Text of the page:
Moving forward, the Kallisto and her sister ships would take over crewed spaceflights to Drakken Palast, so the departing craft was the last to fly to the station. To commemorate the historic mission, the flight crew left the capsule’s orbital module at the station as a souvenir when it departed. The orbital module also gave the station additional living space and served as an alternative docking port for a Kallisto space plane.
After making a plane change, the capsule initiated a deorbit burn and landed in the Inland Water a few dozen kilometers away from the Darude Launch Complex.
With more than enough time before the transfer window opened, the Ministry of Space began launching their new Duna Science Probe into orbit. Primarily designed to test components for Project Laythe, the DSP was created to fulfill the mcKerman Kingdom’s dream of reaching the rusty planet. The probe’s mission was to conduct a detailed survey of Duna, gather the science, and return it back to Kerbin safely. To accomplish its mission, the DSP needed enough propellant to reach Duna and back. So, after launching the science probe’s core module- complete with a prototype Cherenkov atomic rocket- the Ministry of Space launched a pair of propellium tanks that joined the probe in orbit. All three launches used the new Arrow 5 heavy lift launch vehicle.
With the core components lofted, the Arrow Space Corporation launched an Arrow 4 into orbit. It had a heavily modified Arrow Transfer Vehicle that replaced the cargo cannister with a pair of atmospheric probes. After rendezvousing with the DSP, the atmospheric probes detached and docked with the Duna-bound probe. All they had to do now is wait for the transfer window- which also gave them an opportunity to test the thermal insulation properties of the propellium tanks.
Since Jool lacked a MIDAS constellation, the Ministry of Space developed the Jool Relay Satellite System to provide the needed capability. Built around the MIDAS antenna created by KSP, the JRSS added a propellium tank, thermal radiators, and a pair of Neptune atomic rockets for orbital maneuvers. Duna needed its own MIDAS constellation, but atomic motors were deemed overkill for the rusty planet, so the mcKermans swapped solar arrays for the heat radiators and conventional engines for the atomic rockets.
Dubbed the Duna Relay Satellite System, Drax Aerospace launched DRSS via their modified Shuttle-C.1 booster- the most powerful rocket available. It was an interim solution designed to use up Drax Aerospace's remaining Shuttle-C hardware before they fielded an even more powerful booster. Shuttle-C.1 had a unique addition; back in the Shuttle Launch System days, engineers proposed adding an aft cargo carrier into the space between the boosters to carry oversized payloads. The proposal was rejected, but Drax Aerospace revised the concept by adding additional propellant capacity via an aft carrier-derived tank extension.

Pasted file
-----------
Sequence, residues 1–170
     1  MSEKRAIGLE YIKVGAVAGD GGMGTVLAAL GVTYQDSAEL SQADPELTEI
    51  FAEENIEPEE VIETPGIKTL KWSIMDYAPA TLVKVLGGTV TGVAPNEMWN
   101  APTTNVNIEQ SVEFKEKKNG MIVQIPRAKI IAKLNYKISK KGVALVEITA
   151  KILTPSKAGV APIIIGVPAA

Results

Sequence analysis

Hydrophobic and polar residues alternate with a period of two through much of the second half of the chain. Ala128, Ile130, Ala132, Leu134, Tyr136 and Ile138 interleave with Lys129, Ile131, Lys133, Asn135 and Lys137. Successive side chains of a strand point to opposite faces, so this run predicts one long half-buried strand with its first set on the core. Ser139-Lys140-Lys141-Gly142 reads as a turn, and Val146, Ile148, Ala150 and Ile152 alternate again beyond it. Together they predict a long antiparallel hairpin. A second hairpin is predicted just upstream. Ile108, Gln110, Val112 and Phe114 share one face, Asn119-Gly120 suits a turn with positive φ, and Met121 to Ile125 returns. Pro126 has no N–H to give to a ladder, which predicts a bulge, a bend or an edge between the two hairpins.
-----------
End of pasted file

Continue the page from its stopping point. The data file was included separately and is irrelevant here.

Even with the additional propellant, Shuttle-C.1 struggled to attain orbit. It fell into an 89.1 km by 169.6 km orbit after burning nearly all of its propellant. After DRSS deployed its mission antennas and a sustainer solar array, Shuttle-C.1 jettisoned the payload and burned its remaining propellant to push the vehicle into the atmosphere. The propulsion module was technically recoverable, but it landed in a remote and uninhabited area of Kerbin, so recovery was impractical.
Not long after Drax delivered the DRSS into orbit, the Ministry of Space lofted a large inline propellium tank that docked with the DRSS assembly. The inline tank, part of their new Modular Interplanetary Transportation System (MITS), was slated for use on the Nautilus, so flying to Duna provided an opportunity to test it in deep space.
As another test, the MoS fielded the MITS’ propulsion section that, unlike the Duna Science Probe, had a prototype Poseidon atomic motor instead of the DSP’s Cherenkov prototype. Though both the Cherenkov and the Poseidon were rejected for Project Laythe, the Ministry of Space hoped to evaluate each one and decide which to bring into production for other interplanetary missions.
The Arrow 5 launcher struggled to place the propulsion module into a 100km orbit, but it made it. A day later, the propulsion module reached the DRSS and docked to the growing vessel. A couple of radial tank flights later, the DRSS was ready for its flight to Duna…